Race morning was gorgeous!! The wind was much calmer, making EVERYONE breath a huge sigh of relief. My ankle was still impinged, but wasn’t extremely painful like the days prior. I was hopeful and figured no matter what, I was finishing this race! The only positive about the injury was that it allowed me to stay relaxed since my expectation for the race was now only to finish without permanent damage to myself.
I set up my transition and headed down to the start to watch the pros go off, as my wave was the last one so I had a few hours to spare. I’ve yet to figure out why they have our age group go last, as it means we have to pass many slower age groups, but I’m not sure my complaining will get anything done. I stood by many of the pros as they got ready to race, feeling lucky to be able to race alongside such amazing athletes.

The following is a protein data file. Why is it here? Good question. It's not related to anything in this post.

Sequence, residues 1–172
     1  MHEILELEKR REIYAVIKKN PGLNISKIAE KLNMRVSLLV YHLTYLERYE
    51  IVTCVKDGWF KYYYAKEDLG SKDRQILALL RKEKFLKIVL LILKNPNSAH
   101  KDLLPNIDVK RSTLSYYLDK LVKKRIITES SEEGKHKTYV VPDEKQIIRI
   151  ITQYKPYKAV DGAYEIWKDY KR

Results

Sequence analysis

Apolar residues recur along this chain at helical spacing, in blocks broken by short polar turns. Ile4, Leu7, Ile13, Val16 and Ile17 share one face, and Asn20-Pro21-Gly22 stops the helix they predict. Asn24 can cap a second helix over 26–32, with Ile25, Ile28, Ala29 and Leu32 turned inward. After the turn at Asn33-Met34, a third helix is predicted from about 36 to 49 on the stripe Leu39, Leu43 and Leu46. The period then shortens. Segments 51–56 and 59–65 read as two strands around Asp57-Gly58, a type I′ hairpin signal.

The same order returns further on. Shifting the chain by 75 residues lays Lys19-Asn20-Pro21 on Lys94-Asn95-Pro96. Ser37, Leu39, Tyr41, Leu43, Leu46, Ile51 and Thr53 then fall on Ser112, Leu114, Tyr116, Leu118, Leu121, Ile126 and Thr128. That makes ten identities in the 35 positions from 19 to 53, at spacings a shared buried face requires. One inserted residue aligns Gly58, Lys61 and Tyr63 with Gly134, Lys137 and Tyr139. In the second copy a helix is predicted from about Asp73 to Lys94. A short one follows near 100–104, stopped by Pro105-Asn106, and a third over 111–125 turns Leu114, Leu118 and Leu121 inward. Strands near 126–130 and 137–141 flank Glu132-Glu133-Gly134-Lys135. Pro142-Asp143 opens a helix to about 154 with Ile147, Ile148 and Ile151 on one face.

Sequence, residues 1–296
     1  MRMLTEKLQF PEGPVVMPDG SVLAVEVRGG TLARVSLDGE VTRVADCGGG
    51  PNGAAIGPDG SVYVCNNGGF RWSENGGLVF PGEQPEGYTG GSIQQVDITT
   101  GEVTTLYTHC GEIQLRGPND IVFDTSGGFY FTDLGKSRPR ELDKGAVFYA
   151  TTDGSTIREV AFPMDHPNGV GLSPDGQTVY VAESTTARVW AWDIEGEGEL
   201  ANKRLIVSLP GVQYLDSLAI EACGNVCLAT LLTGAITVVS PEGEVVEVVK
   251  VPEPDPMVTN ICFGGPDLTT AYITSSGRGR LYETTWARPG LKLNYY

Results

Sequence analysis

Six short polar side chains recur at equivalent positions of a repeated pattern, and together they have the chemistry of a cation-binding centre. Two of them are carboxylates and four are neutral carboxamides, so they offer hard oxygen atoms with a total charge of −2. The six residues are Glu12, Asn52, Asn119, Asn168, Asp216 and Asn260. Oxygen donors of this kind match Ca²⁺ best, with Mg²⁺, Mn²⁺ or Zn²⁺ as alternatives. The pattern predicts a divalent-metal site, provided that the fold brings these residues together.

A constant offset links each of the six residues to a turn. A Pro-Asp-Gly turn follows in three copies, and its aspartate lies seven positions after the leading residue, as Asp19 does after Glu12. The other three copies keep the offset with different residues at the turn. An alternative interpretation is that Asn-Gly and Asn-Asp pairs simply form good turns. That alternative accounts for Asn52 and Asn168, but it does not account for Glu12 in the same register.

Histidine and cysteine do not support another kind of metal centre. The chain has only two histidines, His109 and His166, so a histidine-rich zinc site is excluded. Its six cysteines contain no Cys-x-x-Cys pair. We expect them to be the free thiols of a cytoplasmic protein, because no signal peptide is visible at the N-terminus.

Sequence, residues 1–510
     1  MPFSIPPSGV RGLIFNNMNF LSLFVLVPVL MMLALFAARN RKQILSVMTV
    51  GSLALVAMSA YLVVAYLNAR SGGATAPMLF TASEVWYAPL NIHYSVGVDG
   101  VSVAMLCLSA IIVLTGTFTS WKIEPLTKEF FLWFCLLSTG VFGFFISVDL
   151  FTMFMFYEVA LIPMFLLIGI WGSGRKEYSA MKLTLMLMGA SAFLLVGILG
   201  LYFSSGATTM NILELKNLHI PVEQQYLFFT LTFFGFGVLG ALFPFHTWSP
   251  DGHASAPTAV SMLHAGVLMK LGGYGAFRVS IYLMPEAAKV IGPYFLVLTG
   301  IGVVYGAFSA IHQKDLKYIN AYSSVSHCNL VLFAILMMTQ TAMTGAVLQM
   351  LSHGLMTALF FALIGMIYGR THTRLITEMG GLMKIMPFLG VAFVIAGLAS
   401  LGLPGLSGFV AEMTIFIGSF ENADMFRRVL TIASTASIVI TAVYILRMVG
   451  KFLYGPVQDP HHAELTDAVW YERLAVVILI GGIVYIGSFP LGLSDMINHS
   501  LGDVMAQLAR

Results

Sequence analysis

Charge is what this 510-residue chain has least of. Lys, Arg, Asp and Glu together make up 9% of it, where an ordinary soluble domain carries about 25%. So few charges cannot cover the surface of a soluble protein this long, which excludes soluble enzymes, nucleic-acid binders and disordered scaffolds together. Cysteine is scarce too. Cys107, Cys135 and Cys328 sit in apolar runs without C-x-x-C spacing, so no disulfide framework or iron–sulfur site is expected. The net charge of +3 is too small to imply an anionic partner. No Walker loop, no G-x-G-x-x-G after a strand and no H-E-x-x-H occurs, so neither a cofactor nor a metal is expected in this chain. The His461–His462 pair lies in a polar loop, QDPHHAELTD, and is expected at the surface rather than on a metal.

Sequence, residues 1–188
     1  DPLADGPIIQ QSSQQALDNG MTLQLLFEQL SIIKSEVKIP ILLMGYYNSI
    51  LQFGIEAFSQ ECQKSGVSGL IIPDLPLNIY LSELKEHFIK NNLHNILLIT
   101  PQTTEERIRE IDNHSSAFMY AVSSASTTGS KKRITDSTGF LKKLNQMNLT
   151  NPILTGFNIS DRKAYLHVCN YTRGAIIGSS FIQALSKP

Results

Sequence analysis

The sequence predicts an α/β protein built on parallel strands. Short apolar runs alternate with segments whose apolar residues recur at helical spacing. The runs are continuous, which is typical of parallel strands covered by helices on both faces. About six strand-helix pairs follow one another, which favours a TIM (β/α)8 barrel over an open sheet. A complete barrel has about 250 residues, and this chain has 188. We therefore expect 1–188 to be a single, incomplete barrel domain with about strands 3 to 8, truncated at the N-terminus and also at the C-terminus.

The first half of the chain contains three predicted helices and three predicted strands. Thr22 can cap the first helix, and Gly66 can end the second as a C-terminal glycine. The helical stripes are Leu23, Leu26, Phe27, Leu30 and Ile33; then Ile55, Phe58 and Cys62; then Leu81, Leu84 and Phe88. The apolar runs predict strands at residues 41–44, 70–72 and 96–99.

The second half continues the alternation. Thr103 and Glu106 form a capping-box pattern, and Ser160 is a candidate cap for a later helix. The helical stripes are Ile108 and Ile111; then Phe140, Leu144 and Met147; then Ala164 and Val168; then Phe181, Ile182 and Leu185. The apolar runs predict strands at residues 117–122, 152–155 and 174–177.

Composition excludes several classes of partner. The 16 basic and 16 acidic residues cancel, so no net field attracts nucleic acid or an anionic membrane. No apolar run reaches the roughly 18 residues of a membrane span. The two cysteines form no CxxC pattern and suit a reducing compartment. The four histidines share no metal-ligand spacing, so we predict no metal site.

The ocean swim had me a little nervous since I’d never raced in the ocean, but it did not start on the beach but instead was a deep water start and I was very thankful for that. Our age group was huge and it was a very chaotic swim with bodies everywhere, I never found clear space and was being hit the whole time. The chaos did help me forget about the ankle for the time being! The rocky-ness of the swim plus swallowing salt water made me a little motion sick, so I swam the whole race breathing every stroke so that I could focus on the sky, which seemed to help. If I took multiple strokes before breathing, something about looking down made me nauseas. I was thankful when the swim was over, yet nervous to run on the ankle to transition for the first time. Swim time was 30:51, not a bad start to the day but not as fast as I had hoped for.
Transition was narrow and LONG, a half mile long to be exact – it took up five blocks of street. Most of that had to be run in my cycling shoes, so I was extremely cautious jogging to my bike with my ankle and was actually shoved to the side by numerous competitors. Definitely my first experience with full on contact in transition! It was a reminder of how serious this race was.